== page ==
Background to the Productivity Commission inquiry

The Productivity Commission’s inquiry into veterans’ compensation and rehabilitation arose from a recommendation by the Senate Foreign Affairs, Defence and Trade Reference Committee’s 2017 report, The Constant Battle: Suicide by Veterans. This report called for a systemic review of the veterans’ system including the Statements of Principle used to determine compensation claims, governance arrangements, administrative processes and service delivery.

The Senate Committee inquiry itself arose as a result of concern at the number of suicides in the veteran community, and the question of whether the veterans’ compensation system was a contributing factor in some of those suicides.

The Productivity Commission’s inquiry is one in a long line of inquiries into systemic issues in the system of compensation and supports for ex-service personnel, including the 2011 Review of Military Compensation Arrangements and the 2003 Clarke Review of Veterans’ Entitlements.

Problems identified by the Productivity Commission


The Productivity Commission found that the current system is complex and difficult to navigate. It found that the multiple Acts providing compensation and the complexity of those Acts is confusing, can lead to errors in estimating compensation and means that veterans may not be confident that they are accessing all of their entitlements. The Productivity Commission found that there are at least 40 different payments or benefits that veterans and their dependants may be eligible for depending on their service and impairment.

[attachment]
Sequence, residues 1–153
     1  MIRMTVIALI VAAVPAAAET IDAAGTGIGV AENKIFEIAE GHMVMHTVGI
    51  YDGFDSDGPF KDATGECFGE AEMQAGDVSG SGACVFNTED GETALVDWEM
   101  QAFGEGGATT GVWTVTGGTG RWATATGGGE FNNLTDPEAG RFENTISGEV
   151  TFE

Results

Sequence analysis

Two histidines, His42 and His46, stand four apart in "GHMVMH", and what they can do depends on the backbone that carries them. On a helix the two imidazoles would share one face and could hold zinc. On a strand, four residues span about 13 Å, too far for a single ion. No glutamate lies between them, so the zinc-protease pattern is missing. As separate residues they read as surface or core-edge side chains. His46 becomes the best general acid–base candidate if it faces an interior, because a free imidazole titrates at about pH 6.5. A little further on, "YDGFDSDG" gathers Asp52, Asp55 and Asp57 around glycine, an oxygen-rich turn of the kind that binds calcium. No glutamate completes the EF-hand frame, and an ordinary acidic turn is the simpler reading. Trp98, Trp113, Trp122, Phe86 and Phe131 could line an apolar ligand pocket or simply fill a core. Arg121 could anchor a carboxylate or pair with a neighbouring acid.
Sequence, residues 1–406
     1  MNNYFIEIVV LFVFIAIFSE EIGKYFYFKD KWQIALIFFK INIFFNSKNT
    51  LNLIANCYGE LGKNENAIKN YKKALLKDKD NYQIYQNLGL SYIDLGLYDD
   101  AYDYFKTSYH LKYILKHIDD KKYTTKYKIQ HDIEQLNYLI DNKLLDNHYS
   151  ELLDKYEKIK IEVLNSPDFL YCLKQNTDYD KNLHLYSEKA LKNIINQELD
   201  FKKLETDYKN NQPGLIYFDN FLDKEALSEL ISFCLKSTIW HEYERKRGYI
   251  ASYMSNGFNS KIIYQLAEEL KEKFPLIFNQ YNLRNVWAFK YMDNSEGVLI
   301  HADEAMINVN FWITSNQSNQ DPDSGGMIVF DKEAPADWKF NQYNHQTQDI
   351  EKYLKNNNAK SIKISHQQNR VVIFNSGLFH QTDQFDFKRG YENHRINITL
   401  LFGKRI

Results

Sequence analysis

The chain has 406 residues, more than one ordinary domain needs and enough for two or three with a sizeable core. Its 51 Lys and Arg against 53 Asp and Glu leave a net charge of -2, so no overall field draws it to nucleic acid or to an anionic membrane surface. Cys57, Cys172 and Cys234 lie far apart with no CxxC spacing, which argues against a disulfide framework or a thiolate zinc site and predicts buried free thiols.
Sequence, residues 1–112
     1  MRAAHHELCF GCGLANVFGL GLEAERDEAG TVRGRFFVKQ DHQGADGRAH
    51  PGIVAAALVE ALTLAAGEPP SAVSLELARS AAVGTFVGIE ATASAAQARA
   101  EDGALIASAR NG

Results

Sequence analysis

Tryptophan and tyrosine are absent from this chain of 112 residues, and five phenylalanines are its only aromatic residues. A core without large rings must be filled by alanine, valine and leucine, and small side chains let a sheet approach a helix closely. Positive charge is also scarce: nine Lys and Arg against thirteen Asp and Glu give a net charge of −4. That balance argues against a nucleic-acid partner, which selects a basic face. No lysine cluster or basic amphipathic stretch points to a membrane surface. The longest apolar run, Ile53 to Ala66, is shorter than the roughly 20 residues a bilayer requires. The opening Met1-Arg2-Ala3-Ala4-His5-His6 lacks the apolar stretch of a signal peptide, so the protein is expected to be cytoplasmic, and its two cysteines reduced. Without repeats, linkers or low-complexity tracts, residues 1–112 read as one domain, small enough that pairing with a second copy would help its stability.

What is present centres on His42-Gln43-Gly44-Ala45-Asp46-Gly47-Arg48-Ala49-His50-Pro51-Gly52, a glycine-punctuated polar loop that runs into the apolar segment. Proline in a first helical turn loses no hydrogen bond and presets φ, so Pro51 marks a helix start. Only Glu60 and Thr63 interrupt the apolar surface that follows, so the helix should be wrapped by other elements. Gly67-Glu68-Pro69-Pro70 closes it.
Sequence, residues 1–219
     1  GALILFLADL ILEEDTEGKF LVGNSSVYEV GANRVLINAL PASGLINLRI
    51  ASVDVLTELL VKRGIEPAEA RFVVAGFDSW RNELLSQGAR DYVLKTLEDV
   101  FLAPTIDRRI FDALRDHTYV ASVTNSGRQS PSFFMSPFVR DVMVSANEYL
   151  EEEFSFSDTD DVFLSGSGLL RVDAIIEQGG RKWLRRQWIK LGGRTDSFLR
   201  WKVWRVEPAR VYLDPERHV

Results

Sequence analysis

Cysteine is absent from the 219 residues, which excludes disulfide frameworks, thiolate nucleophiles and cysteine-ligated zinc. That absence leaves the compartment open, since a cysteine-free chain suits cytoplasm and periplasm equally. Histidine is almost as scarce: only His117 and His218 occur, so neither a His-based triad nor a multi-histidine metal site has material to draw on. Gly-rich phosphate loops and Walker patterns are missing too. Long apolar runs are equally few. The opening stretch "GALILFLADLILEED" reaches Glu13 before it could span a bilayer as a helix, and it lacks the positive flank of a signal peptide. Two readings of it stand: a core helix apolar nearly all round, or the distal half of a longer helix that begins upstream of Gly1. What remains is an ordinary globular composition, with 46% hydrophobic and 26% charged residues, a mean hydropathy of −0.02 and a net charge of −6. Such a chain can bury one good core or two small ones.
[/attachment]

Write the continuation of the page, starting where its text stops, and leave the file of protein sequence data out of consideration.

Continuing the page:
The different schemes can also offer vastly different amounts of compensation for the same impairment. The Productivity Commission provided an example where a 30-year-old with a shoulder impairment could receive between $56,000 and $140,000 in lifetime financial compensation (not including medical treatment), depending on which scheme they were eligible for.

Poorly targeted supports

The Productivity Commission found that some supports are poorly targeted. For example, transition supports were not being aimed at younger veterans leaving the military who have a greater need for assistance than older veterans with experience in leadership roles and with transferable skills. The Commission also found the Gold Card for health treatments to be poorly targeted as it is being provided to those with high treatment needs (such as those with very high levels of service-related impairments) while also used as a form of compensation regardless of treatment needs (for example, being automatically provided to dependants of veterans who had died from service-related causes). There were also concerns that some benefits did not encourage ‘wellness’ or rehabilitation.

Administrative issues

The Draft Report also set out issues with processes and DVA’s administration, and the negative impacts these can have on veterans and their families. Veterans and ex-service organisations had raised concerns about poor communication, a focus on processes, high error rates, and the way trauma-affected clients are dealt with.